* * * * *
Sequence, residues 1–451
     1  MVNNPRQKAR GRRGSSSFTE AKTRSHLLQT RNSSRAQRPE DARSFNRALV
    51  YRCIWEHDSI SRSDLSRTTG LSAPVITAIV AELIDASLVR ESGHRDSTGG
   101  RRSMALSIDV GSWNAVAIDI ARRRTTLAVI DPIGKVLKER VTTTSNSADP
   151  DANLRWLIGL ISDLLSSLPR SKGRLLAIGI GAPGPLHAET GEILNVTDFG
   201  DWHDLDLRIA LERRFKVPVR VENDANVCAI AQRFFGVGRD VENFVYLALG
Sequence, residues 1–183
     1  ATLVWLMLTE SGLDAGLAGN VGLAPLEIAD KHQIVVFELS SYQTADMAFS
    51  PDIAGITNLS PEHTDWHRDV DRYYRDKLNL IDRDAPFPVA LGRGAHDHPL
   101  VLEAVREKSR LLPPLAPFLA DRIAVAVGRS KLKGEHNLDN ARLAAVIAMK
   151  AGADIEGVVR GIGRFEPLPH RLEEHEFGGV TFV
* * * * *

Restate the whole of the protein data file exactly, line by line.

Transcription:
Sequence, residues 1–451
     1  MVNNPRQKAR GRRGSSSFTE AKTRSHLLQT RNSSRAQRPE DARSFNRALV
    51  YRCIWEHDSI SRSDLSRTTG LSAPVITAIV AELIDASLVR ESGHRDSTGG
   101  RRSMALSIDV GSWNAVAIDI ARRRTTLAVI DPIGKVLKER VTTTSNSADP
   151  DANLRWLIGL ISDLLSSLPR SKGRLLAIGI GAPGPLHAET GEILNVTDFG
   201  DWHDLDLRIA LERRFKVPVR VENDANVCAI AQRFFGVGRD VENFVYLALG
Sequence, residues 1–183
     1  ATLVWLMLTE SGLDAGLAGN VGLAPLEIAD KHQIVVFELS SYQTADMAFS
    51  PDIAGITNLS PEHTDWHRDV DRYYRDKLNL IDRDAPFPVA LGRGAHDHPL
   101  VLEAVREKSR LLPPLAPFLA DRIAVAVGRS KLKGEHNLDN ARLAAVIAMK
   151  AGADIEGVVR GIGRFEPLPH RLEEHEFGGV TFV